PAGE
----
Elie Challita

My never quit moment came three years ago when I was still in college. I was rolling with a much heavier rookie before class to give him some pointers when I slipped and dislocated my shoulder completely. I had to spend that night in the hospital.

During the two subsequent months I missed the two local tournaments my coach had signed me up for. Recovery was painful, but the worst moment came when the doctor told me my shoulder suffered from a congenital weakness, would probably never recover completely, and that I would have to quit competitions, if not martial arts practice altogether. You can imagine just what effect that announcement had on me. To be honest most of my family was glad that I would have to quit, as they disapproved of a 'brutal’ sport.

My grandfather supported me then. Though his own health was badly failing and he had always abhorred all forms of violence, he told me not to let the doctor's opinion stop me from trying. He told me how proud he was of what I had achieved in that respect, going from a scrawny asthmatic kid to an accomplished fighter in a few years. With his confidence in me I decided to keep fighting.

During the two months of recovery and physiotherapy I did my best to heal as quickly as possible, but when they were done I found that I was indeed such below my previous level. It wasn't just my shoulder; my entire physical condition had deteriorated as I could barely train anything else. Though the doctor's advice seemed uncomfortably true, I began training again. It took me another month to be able to do a full pushup, and the pain often kept me awake at night but I refused to take any painkillers. I fought through it.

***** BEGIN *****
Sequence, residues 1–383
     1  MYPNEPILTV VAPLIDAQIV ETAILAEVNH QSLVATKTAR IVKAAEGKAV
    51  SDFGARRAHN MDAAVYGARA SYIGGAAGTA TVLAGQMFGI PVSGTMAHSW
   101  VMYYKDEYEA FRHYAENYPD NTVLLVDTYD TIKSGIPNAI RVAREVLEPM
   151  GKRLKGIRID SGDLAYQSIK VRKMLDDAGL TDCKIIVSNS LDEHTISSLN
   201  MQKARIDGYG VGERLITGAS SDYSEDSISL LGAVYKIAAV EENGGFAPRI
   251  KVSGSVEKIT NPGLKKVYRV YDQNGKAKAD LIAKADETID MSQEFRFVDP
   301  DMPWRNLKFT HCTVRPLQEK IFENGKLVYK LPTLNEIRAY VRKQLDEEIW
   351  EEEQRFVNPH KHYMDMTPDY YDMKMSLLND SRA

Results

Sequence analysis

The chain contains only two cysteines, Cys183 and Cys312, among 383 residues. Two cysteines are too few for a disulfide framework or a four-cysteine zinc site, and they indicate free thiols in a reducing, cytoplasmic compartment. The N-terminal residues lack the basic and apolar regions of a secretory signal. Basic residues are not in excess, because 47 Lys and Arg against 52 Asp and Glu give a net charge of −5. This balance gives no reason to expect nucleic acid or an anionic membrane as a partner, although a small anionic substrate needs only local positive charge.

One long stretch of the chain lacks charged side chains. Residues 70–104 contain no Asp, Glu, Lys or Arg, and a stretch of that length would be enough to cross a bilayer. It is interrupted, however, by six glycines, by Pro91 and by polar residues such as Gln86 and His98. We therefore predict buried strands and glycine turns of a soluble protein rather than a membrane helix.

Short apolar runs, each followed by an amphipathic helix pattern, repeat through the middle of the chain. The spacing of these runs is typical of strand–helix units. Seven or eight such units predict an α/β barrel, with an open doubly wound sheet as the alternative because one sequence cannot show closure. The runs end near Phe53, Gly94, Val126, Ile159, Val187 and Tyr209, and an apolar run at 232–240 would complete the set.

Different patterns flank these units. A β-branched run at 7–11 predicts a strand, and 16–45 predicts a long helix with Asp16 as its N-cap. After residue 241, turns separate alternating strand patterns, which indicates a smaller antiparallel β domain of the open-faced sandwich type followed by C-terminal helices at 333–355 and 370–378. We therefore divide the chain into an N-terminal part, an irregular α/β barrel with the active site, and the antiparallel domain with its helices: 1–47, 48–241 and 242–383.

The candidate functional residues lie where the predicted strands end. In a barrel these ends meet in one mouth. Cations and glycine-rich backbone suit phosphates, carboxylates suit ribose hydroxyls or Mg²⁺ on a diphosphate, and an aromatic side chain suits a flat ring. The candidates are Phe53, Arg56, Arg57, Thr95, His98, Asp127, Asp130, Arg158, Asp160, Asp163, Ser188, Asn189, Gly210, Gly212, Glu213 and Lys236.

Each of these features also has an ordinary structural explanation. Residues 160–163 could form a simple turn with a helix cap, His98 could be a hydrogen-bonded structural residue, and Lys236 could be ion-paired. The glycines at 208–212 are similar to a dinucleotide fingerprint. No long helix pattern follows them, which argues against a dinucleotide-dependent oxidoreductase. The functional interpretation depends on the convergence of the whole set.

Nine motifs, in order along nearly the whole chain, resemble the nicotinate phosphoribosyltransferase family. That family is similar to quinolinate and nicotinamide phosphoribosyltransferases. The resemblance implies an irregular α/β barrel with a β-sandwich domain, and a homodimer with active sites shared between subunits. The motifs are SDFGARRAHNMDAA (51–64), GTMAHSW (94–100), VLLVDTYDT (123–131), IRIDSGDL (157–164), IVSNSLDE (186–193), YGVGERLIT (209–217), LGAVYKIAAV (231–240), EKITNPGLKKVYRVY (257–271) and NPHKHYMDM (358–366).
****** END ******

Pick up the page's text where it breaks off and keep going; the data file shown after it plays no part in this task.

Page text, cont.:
Two months later I started lifting light weights. Although I had avoided heavy weight practice before I found myself improving. Week after week, month after month I gritted my teeth, went to the gym and pushed myself, shopping only when my fingers were too numb to hold on to the weights. I also went back to MMA, where the coach put me through a special kind of hell I now know he did it to force me to my limits, and I will always be grateful to him for showing me just how far I can go. It worked.

I went from barely able to lift my hand over my head to pressing 2 kgs dumbbells, then 4, all the way up to 24 kgs in a year. I had pushed myself far beyond my limits to beat the injury and my own weakness, and I've been doing so ever since.

And here I am now. The road wasn't easy, and I almost fell off the path more than a few times, but in the end I kept fighting. My grandfather died a few months after my injury and never saw me recovered, but I live to think he would've been proud. Through that trial I found new strength and toughness and I haven't let go of them since, whether in training, at work or in my personal life.

That is how I learned to never quit.